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Sunday, January 30, 2011

Judgements - And How They Hurt Yourself

To judge can be a good thing and help us make decisions. Most of the time, the mind is occupied by a constant flow of judgements, which is about a productive a the system idling process of my computer. Except while it occupies my mind, it is also harming my ability to approach the world with an open and curious mind...

Judgements: Usually they let us know where we stand with things. They reflect our own opinions and help weigh a current situation in terms of our "pre-set" opinions. In a dangerous situation it saves us time and might save our life. But truthfully, how often are we in a situation where every second counts. I myself have only been there once, when a robber pressed a 10 inch-bladed knife on my chest. My judgement was instantaneous, not to go after the can of pepper spray in my fanny pack and instead hand it over to the thief and let him walk away with it. Now THAT is, when judgements are extremely helpful. But most of the time - in 99.9 per cent, they turn into a limiting crutch that keeps us from making the best out of a moment, out of life. Judgements are often handed down, internalized opinions of loved ones around us. They were the price of admission to being part of a group. Sometime, we might use judgements about someone in order to elevate our selves. Often we judge simply because we want to exchange "knowing" for the discomfort of the unknown. To "know" gives us the sense of security and power.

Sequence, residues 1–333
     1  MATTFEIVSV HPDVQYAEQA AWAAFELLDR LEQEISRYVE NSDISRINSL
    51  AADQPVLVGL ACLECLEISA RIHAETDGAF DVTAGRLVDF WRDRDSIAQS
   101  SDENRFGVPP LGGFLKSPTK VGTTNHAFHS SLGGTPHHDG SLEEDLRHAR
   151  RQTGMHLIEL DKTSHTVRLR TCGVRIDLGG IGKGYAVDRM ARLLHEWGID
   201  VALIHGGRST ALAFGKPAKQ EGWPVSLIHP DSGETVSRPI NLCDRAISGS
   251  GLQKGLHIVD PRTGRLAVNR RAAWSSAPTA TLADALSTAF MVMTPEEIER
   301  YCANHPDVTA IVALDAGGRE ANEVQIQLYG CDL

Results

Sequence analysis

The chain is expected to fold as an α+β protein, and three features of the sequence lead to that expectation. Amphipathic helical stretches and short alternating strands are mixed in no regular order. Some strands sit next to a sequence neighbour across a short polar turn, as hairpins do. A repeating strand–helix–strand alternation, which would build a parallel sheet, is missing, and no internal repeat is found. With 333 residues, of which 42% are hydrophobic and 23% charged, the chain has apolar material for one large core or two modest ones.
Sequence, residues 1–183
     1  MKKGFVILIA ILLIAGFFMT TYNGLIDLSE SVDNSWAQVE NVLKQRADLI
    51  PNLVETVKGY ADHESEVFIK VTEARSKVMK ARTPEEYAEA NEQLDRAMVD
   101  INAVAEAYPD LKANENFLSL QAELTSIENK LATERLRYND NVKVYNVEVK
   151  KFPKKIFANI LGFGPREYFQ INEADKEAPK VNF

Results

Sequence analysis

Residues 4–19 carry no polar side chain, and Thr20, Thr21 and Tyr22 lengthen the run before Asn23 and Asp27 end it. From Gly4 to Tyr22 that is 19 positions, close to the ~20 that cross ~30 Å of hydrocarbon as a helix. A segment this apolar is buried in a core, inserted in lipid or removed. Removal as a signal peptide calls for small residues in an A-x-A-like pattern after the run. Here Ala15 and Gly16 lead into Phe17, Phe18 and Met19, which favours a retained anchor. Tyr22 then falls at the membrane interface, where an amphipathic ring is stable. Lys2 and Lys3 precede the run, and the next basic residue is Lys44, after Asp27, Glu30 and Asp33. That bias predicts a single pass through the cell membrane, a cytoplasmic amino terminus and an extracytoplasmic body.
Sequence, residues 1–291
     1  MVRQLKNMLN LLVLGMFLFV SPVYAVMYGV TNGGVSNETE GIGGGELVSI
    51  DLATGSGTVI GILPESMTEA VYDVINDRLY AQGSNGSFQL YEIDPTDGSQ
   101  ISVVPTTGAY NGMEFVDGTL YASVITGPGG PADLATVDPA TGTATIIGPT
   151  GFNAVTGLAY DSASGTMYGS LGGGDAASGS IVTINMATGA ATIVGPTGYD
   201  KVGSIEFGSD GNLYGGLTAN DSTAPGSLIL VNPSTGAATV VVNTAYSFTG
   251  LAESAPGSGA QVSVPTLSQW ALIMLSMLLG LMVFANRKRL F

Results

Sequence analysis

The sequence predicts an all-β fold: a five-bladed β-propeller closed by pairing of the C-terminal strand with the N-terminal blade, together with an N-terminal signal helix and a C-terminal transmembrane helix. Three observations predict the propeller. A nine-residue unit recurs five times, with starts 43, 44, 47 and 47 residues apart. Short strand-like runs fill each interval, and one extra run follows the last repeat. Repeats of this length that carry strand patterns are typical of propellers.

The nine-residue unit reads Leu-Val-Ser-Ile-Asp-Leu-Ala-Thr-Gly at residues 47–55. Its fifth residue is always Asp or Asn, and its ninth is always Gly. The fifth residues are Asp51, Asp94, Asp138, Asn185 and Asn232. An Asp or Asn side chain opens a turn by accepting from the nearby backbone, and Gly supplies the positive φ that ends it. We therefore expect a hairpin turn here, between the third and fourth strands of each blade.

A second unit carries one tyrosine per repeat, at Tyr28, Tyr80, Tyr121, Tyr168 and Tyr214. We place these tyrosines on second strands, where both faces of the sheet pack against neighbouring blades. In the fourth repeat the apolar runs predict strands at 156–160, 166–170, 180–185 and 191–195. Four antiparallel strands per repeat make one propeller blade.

During my spiritually based coaching training I heard that we could free up hours in our days, once we stopped judging other people. Wow, now that´s what I would call a great time management tool. I started putting this statement to the test. Sure enough, many of my thoughts turned out to be a judgement and not helpful at all. So, after the first step of catching myself with judgemental thoughts, I started the habit of releasing them by acknowledging their presence and sending them on their way again. Nice! I did not have to spend any further time and energy on these thoughts, not to mention hours after hours that I saved by not having to share my thoughts and encounters with my husband or my girlfriends (which would be gossip).

What a relief that was. Over time my whole life changed somewhat. And I like it a lot. I still get a lot of these thoughts at times, but I don´t nurse them or elaborate on them. I actually encourage my husband to point it out, in case I do start getting into it, which happens occasionally. Every time I catch myself when doing it, I first notice that sensationalizing feeling in my body. Pretty soon the image of a spider in her web approaching her unsuspecting victim appears in my mind. I like that reminder and at that point I catch on to what is happening and start retreating from my judgements with a smile. It feels so great not to have to do that, not to have to be the person who has bad thoughts about others and is envious of what others are or have. It has been said that we can´t decide what thoughts pop into our head, but that we can decide what to do with these thoughts. How true! In my experience, these first thoughts change over time according to where we choose to take our thoughts most of the time.

Now, THAT is good news!!

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